We opened our facility in Pennsauken in July 2006. Ira, Harry and I decided that we did not feel comfortable leaving the greyhounds alone in the warehouse, and the overhead was costly, so we decided that we would also move into the warehouse to be there for the greyhounds and be able to financially contribute anyway we were able. The three of us did every turnout, feeding, vet appointment, Adoption and every other aspect of the running of the organization. We were not allowed to have beds in the warehouse, because technically it was not a legal residence, so we slept on couches and chairs. There was very little to no privacy, but greyhounds were going to their furever homes and that is what kept us going.

The organization and the three of us lived in that 4800 square foot warehouse for the next eight years placing retired racing greyhounds. We got to meet some of the most unforgettable and wonderful hounds. It was not easy to live in a warehouse without any of the creature comforts of a home and there were times when you thought you couldn't do it one more day. But then late at night I would walk back in the kennel and look at all the sleeping greyhounds waiting for their families and it kept you going.

Due to the rising cost of housing the organization in a warehouse, we decided it was time to move on. In May 2014 we were fortunate enough to find a 35 acre farm in Millville, complete with an 18 stall horse barn and a house. We put out the call to our volunteer base and they answered in a huge way. They helped us transform that barn into a kennel, they fixed and installed fencing, they volunteered their electrical and plumbing skills, they painted, power washed, sealed, dug, planted and did all kinds of work to give Our Village a real home. It made us a stronger and bigger family, all coming together for the dogs.

In September 2016 an adopter contacted us to tell us that a friend of his passed away and left us money in her will. She had been so impressed with our organization and how we helped his greyhound when it was sick, that she wanted to help us. She left us $20,000. The three of us sat down and discussed the agency's options. We could continue to rent the farm, but according to our lease we are responsible for all repairs to the property and it had already cost us a lot of money in repairs. Or we could look for Our Furever Home and give Greyhound Angels Adoption the future we all worked so hard to give it. A place that when our time on this earth ended, the organization could live on.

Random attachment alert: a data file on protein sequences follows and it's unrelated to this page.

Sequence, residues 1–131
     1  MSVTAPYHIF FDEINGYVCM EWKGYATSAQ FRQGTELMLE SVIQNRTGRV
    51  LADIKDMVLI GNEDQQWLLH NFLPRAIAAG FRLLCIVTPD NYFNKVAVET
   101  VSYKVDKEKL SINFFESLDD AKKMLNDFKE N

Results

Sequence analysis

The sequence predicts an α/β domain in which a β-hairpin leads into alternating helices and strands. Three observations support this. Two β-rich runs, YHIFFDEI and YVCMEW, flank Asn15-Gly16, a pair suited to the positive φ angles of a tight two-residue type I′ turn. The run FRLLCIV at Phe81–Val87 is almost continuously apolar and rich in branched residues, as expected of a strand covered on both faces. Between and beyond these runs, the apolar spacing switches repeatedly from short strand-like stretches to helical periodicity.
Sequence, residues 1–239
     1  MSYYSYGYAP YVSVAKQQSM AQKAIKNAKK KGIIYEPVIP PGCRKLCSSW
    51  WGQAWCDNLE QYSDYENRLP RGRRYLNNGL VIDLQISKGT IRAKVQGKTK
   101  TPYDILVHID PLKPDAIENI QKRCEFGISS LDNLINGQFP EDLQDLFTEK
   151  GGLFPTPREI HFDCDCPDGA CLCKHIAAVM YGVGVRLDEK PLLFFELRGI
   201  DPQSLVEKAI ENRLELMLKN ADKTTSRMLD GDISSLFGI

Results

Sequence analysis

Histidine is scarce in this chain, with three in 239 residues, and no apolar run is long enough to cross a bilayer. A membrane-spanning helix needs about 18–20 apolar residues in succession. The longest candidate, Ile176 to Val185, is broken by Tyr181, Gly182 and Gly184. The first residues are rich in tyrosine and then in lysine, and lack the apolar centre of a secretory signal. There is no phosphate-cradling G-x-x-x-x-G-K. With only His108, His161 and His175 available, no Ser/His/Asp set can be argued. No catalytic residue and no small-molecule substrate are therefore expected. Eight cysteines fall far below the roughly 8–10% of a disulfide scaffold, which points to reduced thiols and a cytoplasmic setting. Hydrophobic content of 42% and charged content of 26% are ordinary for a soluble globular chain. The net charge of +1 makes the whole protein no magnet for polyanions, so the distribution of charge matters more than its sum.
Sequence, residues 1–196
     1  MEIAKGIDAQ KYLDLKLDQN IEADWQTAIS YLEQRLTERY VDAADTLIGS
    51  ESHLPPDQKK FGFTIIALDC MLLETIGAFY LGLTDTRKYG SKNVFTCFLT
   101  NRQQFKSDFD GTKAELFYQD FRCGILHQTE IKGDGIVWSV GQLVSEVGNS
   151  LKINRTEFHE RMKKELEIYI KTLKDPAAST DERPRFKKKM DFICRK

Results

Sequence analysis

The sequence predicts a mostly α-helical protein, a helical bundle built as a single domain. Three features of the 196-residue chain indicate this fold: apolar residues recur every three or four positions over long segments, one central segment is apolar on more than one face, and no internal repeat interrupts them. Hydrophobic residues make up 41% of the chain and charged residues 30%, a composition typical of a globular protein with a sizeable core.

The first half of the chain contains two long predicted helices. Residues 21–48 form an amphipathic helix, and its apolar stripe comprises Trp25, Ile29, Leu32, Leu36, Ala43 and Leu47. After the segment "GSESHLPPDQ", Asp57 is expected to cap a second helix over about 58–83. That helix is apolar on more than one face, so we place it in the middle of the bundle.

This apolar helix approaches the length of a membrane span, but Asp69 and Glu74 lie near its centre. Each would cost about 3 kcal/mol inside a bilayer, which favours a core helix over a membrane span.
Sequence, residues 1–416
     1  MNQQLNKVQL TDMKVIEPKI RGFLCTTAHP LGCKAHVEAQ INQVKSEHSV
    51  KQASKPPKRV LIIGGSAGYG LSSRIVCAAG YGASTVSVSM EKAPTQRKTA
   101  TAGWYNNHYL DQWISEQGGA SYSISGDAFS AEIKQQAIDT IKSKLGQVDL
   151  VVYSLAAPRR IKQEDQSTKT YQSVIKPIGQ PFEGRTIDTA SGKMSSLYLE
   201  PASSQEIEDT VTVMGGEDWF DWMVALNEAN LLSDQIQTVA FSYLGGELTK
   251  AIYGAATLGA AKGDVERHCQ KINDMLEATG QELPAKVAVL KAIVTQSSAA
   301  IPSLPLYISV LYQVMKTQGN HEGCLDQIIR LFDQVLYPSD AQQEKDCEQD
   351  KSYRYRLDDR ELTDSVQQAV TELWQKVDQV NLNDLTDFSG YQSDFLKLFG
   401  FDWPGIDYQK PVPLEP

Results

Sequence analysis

So we started looking at farms in our area. Our bank, Millville Savings approved us for a $200,000 mortgage at 20% down. We put out the call and through fund raising and donations we were able to raise another $24,000. We found a farm and put in an offer. It was accepted and we went into contract. When our bank did the assessment for the mortgage, it came up $23,000 short of the agreed upon sale price. Our bank was unable to mortgage it for more than it was worth and we had to walk away.

Then we found another farm in our price range that was in foreclosure. We went to our bank to get a mortgage commitment letter to put in an offer. There had been a change in bank managers and we were informed that we were considered a commercial mortgage and they would need 30% down. At this point the train was rolling and there was no looking back. We put in our offer. Two days later we found out that they accepted a lower offer for cash.

Now we had to regroup. We realized that farms in our price range were not only attractive to our organization, but were also very attractive to other buyers who had more flexibility than we did. We decided that buying a property for less money and putting up a pole barn ourselves was a better plan. Once we changed our strategy, we were immediately back in the game.

We found 2688 S. Black Horse Pike in Williamstown (Monroe Township), NJ within two weeks. Nine acres for events and parking, security fencing, camera system, office/store structure already there and cleared flat land for Our pole barn. We put in an offer and held our breath. They accepted our offer of $145,000 and we are officially waiting for settlement.

However at 30% down, we are out of funds. This leaves us $500 for deposit on our construction loan, septic work, well water tie in, fencing materials for turnout and play areas, plumbing and electrical materials, etc. We have amazing volunteers in Our Village who are ready, willing and able to provide their skilled and not so skilled labor to see this project through to completion for the dogs. We just need help raising the funds necessary to put these wonderful people to work and give Greyhound Angels Adoption its own Furever Home.

Please help and share.

IT TAKES A VILLAGE!! Hug those hounds.


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Lisa Weinstein 
Millville, NJ